Advertisement
If you have a new account but are having problems posting or verifying your account, please email us on [email protected] for help. Thanks :)
Hello all! Please ensure that you are posting a new thread or question in the appropriate forum. The Feedback forum is overwhelmed with questions that are having to be moved elsewhere. If you need help to verify your account contact [email protected]

The nonsense of prison sentences

  • 01-07-2022 4:54am
    #1
    Registered Users Posts: 80 ✭✭


    Can anyone explain how concurrent prison sentences make sense?

    If someone is sentenced for more than one crime, let's say 1 year for one and 6 months for another, they very often just serve the 1 year. How does this make any sense?

    Imagine you applied the same logic to fines. €100 for one offence & €50 for another, but you'd only have to pay the €100.

    Always thought it was nonsense.


    Same for a "life" sentence. I always believed a courtroom to be a place where the accuracy of anything was paramount, including the use of words or language.

    But life never means life, just call it what it is, 15-20 years or whatever time a serious criminal will realistically serve.



Comments

  • Registered Users Posts: 922 ✭✭✭flanna01



    Basically, the prisons are full and over crowded.

    So, Johnny gets busted for a burglary in the city, found his prints all over the place, and a later raid on his home found numerous stolen property items... Clean cut case.

    Johnny's looking a year in Jail to soften his cough a little...

    But whilst the boys have him in custody, they ask Johnny does he have anymore misdemeanors that he wishes to unburden his conscious with?

    Typically, the carrot is this.... Tell us what else you've robbed Johnny, we'll throw it all in with this one, get it over with. Come out of Jail a free man, not be looking over your shoulder....

    Now, Johnny knows, he has several other jobs that he's tied to, and maybe further down the road, somebody will implicate him in one of them jobs.. He will always be liable to getting more time for them jobs further down the line..

    So Johnny, wipes the slate clean, confesses to a few more break ins here and there.

    Now the magic of this is.... Johnny is serving time anyway, why not add the other offences into the mix, and get it all over with.. Johnny knows he can't be done again for them jobs, as he has already been sentenced for them offences (serving the same time for numerous offences).

    The Guards are happy too.... Their crimes solved stats has just gone up a few notches, the victims of Johnny's antics are informed that he is now in prison for breaking into their properties... Its a win / win situation.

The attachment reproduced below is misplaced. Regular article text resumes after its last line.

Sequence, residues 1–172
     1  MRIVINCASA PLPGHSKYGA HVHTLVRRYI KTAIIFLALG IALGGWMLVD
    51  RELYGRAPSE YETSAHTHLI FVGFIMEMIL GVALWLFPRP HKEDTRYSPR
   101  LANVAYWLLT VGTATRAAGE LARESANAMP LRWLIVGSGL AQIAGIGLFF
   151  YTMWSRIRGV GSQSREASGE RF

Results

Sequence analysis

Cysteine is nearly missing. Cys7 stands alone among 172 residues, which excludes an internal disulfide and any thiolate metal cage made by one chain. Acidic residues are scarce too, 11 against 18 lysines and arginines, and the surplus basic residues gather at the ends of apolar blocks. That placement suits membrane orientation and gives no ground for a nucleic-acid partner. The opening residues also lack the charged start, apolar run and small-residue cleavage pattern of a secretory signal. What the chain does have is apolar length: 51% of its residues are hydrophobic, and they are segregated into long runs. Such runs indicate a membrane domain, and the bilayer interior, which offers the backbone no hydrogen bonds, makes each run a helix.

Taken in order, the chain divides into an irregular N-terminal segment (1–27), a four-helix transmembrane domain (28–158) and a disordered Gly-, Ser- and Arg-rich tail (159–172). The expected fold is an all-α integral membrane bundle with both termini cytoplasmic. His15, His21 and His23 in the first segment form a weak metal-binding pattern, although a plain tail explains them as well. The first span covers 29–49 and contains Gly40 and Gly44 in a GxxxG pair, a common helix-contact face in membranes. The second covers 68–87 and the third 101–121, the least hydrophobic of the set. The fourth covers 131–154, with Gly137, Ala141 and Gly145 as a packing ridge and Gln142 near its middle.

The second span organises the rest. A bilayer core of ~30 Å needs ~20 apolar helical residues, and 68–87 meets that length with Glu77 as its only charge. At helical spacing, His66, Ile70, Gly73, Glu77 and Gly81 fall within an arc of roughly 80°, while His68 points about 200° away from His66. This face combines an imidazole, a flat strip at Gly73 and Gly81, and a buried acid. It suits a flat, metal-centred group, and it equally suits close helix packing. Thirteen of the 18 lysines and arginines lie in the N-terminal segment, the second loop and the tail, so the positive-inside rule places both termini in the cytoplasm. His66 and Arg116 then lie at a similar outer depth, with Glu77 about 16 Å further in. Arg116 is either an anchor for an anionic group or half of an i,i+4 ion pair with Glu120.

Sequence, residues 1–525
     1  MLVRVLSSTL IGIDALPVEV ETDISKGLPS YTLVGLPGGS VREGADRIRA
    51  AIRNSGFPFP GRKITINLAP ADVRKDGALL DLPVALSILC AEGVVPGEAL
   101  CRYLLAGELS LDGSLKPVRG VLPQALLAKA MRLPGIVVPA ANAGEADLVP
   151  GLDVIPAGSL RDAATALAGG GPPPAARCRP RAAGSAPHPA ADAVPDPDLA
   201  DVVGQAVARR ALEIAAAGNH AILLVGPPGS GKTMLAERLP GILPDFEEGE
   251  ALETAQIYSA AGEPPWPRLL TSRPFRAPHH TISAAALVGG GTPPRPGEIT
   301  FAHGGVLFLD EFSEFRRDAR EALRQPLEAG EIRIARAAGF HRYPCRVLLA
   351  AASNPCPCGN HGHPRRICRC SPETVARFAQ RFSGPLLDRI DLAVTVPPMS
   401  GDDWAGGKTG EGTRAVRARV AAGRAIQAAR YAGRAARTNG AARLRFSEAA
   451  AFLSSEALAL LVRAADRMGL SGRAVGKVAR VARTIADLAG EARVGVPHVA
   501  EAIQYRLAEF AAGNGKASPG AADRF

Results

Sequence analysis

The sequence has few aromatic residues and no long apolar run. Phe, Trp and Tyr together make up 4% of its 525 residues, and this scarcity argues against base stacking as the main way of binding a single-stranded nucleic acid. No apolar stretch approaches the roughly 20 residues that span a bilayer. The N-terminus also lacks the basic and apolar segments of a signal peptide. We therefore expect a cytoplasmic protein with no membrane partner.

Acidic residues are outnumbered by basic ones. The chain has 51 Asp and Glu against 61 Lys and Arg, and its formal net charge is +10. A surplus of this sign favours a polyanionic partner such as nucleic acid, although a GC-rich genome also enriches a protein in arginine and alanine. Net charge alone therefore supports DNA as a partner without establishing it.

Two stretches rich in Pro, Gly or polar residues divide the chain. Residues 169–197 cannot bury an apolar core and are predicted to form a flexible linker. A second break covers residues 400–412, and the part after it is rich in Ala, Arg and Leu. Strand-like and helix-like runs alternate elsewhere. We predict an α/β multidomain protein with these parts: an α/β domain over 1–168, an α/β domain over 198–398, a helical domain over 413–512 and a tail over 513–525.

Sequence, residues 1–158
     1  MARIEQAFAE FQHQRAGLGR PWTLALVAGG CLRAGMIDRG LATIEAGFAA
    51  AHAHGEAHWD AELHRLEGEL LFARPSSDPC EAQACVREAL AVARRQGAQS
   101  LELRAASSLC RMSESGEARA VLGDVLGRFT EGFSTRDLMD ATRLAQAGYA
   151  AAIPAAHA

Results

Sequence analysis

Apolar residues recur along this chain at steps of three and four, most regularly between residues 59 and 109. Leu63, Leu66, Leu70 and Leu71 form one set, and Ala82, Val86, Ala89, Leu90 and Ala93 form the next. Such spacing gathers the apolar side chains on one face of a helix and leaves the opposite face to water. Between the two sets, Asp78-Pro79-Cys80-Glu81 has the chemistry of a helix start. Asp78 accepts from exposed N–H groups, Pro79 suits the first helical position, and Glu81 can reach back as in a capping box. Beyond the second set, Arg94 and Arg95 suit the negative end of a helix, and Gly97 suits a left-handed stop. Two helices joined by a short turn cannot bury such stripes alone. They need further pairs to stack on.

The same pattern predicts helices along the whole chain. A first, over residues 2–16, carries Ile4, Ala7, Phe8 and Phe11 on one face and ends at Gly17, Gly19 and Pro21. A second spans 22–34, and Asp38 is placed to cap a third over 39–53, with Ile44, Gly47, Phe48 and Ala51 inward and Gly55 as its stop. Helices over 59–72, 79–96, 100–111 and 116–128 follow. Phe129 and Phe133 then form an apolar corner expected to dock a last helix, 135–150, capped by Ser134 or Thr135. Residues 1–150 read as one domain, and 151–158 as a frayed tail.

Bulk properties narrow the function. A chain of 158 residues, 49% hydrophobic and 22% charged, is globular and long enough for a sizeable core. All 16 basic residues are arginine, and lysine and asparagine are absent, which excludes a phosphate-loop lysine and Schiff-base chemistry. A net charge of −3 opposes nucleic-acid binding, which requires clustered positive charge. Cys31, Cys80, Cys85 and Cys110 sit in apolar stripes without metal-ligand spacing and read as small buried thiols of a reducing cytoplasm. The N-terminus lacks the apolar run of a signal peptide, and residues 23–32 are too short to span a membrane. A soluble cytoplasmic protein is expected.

On paper, justice has been served.



  • Registered Users Posts: 80 ✭✭SmithsFan


    I understand that. I work in the emergency services so ours is just another arm of public service that portrays functionality, when in reality a lot of it is wasteful.

    Still wouldn't mind a legal professionals take on this.



  • Registered Users Posts: 1,128 ✭✭✭Fattybojangles


    There is absolutely no guarantee of a release under a life sentence none whatsoever and even if you are released you are on a life licence and can be returned to prison for a very minor indiscretion.

    One thing I would like to see in this country like they have in the UK is a minimum tariff set that you must serve before you are considered for parole.



  • Administrators, Entertainment Moderators, Social & Fun Moderators, Society & Culture Moderators Posts: 18,689 Admin ✭✭✭✭✭hullaballoo


    Once sentence is given by a judge, that's the end of the judiciary's involvement. Carrying out the sentence is a matter for the Government and judges can't interfere. The fact that a life sentence doesn't mean imprisonment for the rest of your life is nothing to do with the judges and all to do with the Government. As mentioned already, "early release" is more to do with logistics and managing overcrowding than anything else but again to be clear that is a political issue not a judicial one.

    Judges do have regard to the fact that prisons are always full and it's sometimes part of the reasoning when someone is said to "avoid" a prison sentence but it's obviously not determinative. Just that despite popular opinion, prison is seen very much as a last resort because of how detrimental it is to society. Send someone to prison for a crime and the only thing they learn from it is how not to get caught next time.

    Consecutive sentences are on the rise and being given in criminal cases regularly now whereas 10 years ago they were unheard of in this country. The majority would still be concurrent for the reasons explained above but you do see consecutive sentences in serious cases now.



  • Posts: 0 [Deleted User]


    Of course Johnny would never take the rap for something he hadn’t done. 😉



  • Advertisement
Advertisement